The Chief Justice Of India Was Also A Journalist Once
Chief Justice of India NV Ramana's speech at the RedInk Awards: Full Text
The full text of the speech by Chief Justice of India Justice NV Ramana at the RedInk Awards for Excellence in Journalism, 2021. Hosted by the Mumbai Press Club.
It gives me immense pleasure to be here with you at the Red Ink Awards for Excellence in Journalism, to celebrate outstanding contributions by journalists in various categories. This initiative by the Mumbai Press Club, which was first started in 2011, is praiseworthy.
The city of Mumbai has been at the forefront of protecting the freedom of speech and expression. It has produced great patriots, freedom fighters, human rights activists and journalists of great professional integrity. It is therefore apt that the Mumbai Press Club adds to the city’s rich legacy through this award function.
I would like to congratulate all those who are being honoured today. There is no doubt that a healthy democracy can thrive and survive only with a fearless and independent press. For that, journalists like you need to grow in number.
As someone who started his professional career as a journalist, I can understand your difficulties and struggles. Speaking truth to power and holding up a mirror to society, is an immense responsibility that is extremely difficult to fulfil.
There is enormous pressure and stress upon you. In the contemporary world, performing your duty as a journalist is akin to dancing on razor’s edge. You are on your feet for long hours and constantly on call and working. Holidays are few and far between and finding time to spend with family is difficult. The stress on your family is also immense. The wages too are not very encouraging. Women, particularly beyond Metros, still find it difficult to gain foothold in the profession.
Those who are serving in conflict zones are willing to risk their lives. Those on regular beats are also no longer safe. Some of those in powerful positions, both political leaders and bureaucracy, mafia of all shades and those on the wrong side of the law – none of them are comfortable with a professional journalist. As a result, you keep getting unpleasant and disturbing messages. I know it is not easy for you and your families to deal with such threats. Another worrisome trend is the concerted effort to bracket journalists into a particular category. I can imagine how painful it is.
Yet, it is an extremely satisfying profession to pursue. It is often said that the legal profession is a noble profession. I can state that the journalist’s job is as noble and is an integral pillar of democracy. Like the legal professional, a journalist also needs to have a strong moral fibre and moral compass. Your conscience is your guide in this profession.
The freedom of the press is a valuable and sacred right enshrined in the Indian Constitution. Without such a freedom, there cannot be discussion and debate that is essential for the growth of a democracy. There can be no flow of information that the public requires, and that a democracy demands.
But the profession is vastly different from what it was when I was a journalist for a brief period. All things change - this is inevitable. As the world around us evolves, so too, has the media profession and journalism. Unless you are willing to evolve and change, you will stagnate and be left behind.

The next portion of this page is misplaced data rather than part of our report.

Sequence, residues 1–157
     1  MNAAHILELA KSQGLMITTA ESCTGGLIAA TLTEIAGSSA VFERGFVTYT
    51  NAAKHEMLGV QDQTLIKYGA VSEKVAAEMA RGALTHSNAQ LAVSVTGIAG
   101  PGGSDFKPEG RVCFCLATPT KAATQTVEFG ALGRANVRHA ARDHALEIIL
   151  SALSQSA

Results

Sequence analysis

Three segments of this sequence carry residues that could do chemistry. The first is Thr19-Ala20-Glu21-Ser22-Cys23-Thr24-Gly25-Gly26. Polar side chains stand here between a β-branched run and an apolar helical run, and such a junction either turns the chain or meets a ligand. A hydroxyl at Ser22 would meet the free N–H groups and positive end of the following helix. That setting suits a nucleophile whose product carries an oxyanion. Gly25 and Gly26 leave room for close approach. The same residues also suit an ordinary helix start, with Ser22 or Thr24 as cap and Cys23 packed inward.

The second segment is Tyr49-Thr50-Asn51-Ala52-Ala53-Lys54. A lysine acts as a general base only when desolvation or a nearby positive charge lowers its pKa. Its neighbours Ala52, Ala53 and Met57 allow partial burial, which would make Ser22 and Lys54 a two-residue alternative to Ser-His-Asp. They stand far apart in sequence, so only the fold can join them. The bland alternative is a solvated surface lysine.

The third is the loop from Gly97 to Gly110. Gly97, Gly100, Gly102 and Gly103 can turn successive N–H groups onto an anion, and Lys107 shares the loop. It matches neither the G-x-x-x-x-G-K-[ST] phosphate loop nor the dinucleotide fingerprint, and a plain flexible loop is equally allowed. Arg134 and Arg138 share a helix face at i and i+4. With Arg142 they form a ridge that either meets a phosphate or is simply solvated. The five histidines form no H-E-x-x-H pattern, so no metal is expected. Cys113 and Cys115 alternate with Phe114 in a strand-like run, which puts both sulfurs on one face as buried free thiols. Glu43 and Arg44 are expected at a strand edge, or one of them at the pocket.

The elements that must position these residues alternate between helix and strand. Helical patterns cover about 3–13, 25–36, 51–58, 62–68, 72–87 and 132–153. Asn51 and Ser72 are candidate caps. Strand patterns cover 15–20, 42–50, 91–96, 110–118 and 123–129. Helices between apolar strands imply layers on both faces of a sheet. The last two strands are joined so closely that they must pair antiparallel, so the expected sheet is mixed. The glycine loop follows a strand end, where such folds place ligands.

Now the profession demands specialists. Earlier, one reporter could be deputed to report on diverse subjects. However, the nuances of reporting contemporary news in specific fields requires specialisation. Law reporting, for example, might require a person to be knowledgeable about precedents, legal history, and Court procedure.
The resourceful media houses in Delhi have their specialist legal editors covering the proceedings of the Supreme Court. When it comes to other Indian Language media and small media houses, it is the regular political reporter who doubles up as legal reporter whenever the necessity arises. To be able to inform the readers and viewers accurately, the media needs to invest on specialists.
I think it might be necessary for working journalists’ unions to organise training camps and orientation programmes for journalists like what we do for judges.
Another major change is that, apart from the traditional print media, you now also have digital news media platforms and social media reporting. This has changed the entire profession. Certain things about this transformation by digital media is for the better - there is now more information available to people which is easily accessible.
At the same time, these transformations and changes have also resulted in certain issues with the journalism that is worrying. I hope you would not mind if I highlighted these issues.
Nowadays, everything is subject to reporting. Every moment is available to the scrutiny of millions as things get reported 24x7. This places an enormous pressure not only on the person or professional being reported about, but also on the journalist doing the reporting. In the race for ratings, the important journalistic tenet of verification before publishing is not being followed.
This leads to incorrect reporting. The social media amplifies that incorrect news in a matter of seconds. Once published it is difficult to take back. Unlike print and electronic media, unfortunately, it is almost impossible to hold the social media platforms such as youtube accountable even after they host most derogatory and defamatory stuff which has potential to ruin careers and lives. You media professionals will have to voluntarily come forward with solutions for such a menace. I advise all of you to follow the principles of natural justice before making adverse comments against someone who is not in a position to defend himself.